CISOs must roll out 5G business strategies by tackling the transformation of risk management and cybersecurity and by implementing security economically.
The Chief Information Security Officer (CISO) has moved to front and center in the top management structure of service providers – and for good reason. Their work is vital for the business success of every digital service provider, not merely a background function to be checked off the list as completed.
CISO teams keep their company’s data safe, useful and accessible. They also protect customer data from any threat, at any time. These are heavy-weighted responsibilities in an age when security breaches hit the headlines and can quickly result in huge financial and reputational repercussions.
See also: Implementing cybersecurity for the smart grid is a must
In meeting such responsibilities, CISOs must take into account their organization’s 5G business strategy by managing the transformation of risk management and cybersecurity and implementing security cost-effectively to ensure a healthy network, high service performance, and, ultimately, complete customer satisfaction.
So, how can CISO teams meet such multi-faceted and complex demands?
Stay on top of costs with adaptive security
Firstly, security solutions need to be flexible, adaptive and integrated, providing an all-encompassing view. This avoids piecemeal security with point solutions bolted together, which is not only a fragmented environment that is difficult to manage, causing operational costs to rocket, but cannot provide fully effective protection.
Secondly, technology innovations such as artificial intelligence (AI), analytics and automation are better able to defend against the advanced and growing threat landscape. These technologies compare network traffic packets with historical patterns and spot anomalies in an instant. IT security experts are then alerted immediately so they can decide the best course of action, which is vital to a speedy defense.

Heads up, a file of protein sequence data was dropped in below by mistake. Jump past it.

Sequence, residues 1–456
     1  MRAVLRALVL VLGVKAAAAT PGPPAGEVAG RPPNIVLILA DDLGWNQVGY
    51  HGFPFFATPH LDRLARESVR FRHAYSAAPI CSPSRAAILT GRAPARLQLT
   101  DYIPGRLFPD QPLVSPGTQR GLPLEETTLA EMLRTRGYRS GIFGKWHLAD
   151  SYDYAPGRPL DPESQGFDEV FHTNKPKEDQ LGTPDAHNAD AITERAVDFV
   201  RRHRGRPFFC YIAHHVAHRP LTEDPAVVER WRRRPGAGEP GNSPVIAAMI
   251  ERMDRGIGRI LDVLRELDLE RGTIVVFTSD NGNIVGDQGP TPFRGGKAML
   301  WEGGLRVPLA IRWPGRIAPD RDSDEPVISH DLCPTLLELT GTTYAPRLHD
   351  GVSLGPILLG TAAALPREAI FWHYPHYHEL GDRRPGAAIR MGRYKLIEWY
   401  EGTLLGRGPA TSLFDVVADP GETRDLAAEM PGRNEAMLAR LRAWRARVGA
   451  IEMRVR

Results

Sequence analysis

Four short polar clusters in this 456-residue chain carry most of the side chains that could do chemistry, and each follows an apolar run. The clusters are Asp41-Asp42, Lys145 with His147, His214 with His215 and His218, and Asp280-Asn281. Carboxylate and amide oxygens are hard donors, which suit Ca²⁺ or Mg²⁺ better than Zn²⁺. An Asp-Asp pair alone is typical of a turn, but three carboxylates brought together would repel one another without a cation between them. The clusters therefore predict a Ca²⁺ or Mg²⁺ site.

AI can scan all incoming and outgoing network traffic and other things impossible for us mere humans to do manually. Cognitive analytics aggregate and correlate security data from many sources, enriching it with context. This helps the CISO and security operations teams to fully understand the business risks they face, improve their decision making and better control costs.
Respond rapidly to breaches
One of the most important success factors in security is reducing the dwell time – that is, the length of time a hacker goes undetected, should they breach first-line security to gain access to the network. The longer they have, the more chances they get to hunt around the network for valuable data they can steal. With adaptability, analytics, machine learning, orchestration and automation, a hacker’s dwell time can be cut by 80 percent.
Automation is vital to increase the speed of response and to tackle the growing workload facing security teams. In fact, 33 percent of incident response time is spent on manual processes. It’s little surprise then that manual processes cannot be scaled up to meet the rise in threats that will inevitably accompany the growth in 5G business.
Consider security a business enabler, not a business drag
While some digital service providers will allocate cybersecurity responsibilities to their own CISOs, others will outsource security to Managed Security Service Providers. Either way, flexible and adaptive cybersecurity is simply not optional, as it proactively prevents data loss, reduces network outages and minimizes performance degradations to preserve revenue, improve the customer experience, cut costs and exceed compliance responsibilities.
While an effective first line of defense of firewalls and other measures will stop nearly all hackers before they can get into a network, a few attacks will inevitably get through. But with rapid, automated and smart detection and response, even these breaches can be tackled to protect customer data.
Embrace 5G cybersecurity
In the era of 5G, flexible cybersecurity will be easier – and more lucrative – to implement than ever before. Take network slicing, for example.
5G network slicing will enable service providers to offer highly-tailored services that can win the business of a wide range of new customers across multiple industries. Offering different and flexible security levels matched to the needs of the service delivered by a network slice will be a monetizing opportunity. Put simply, a gaming service network slice does not need the highest levels of security that are essential to protect life-or-death public safety communications.
5G security needs to be in place whenever service launches are being planned or when new partners and customers are connected. If it isn’t, the huge new revenue opportunities of 5G will be at risk. Business success relies on 5G services being secure by design – which is why it must never be an afterthought.
The demands on a CISO have never been more mission-critical. But with 5G on the near horizon, there is a huge amount of potential ready to be embraced in the world of cybersecurity to reduce cost, breach time and issues in customer experience like never before. Now is not the time to shy away from innovation, or place it on the backburner – CISO teams are in the perfect position to lead service providers, safely, into the era of 5G.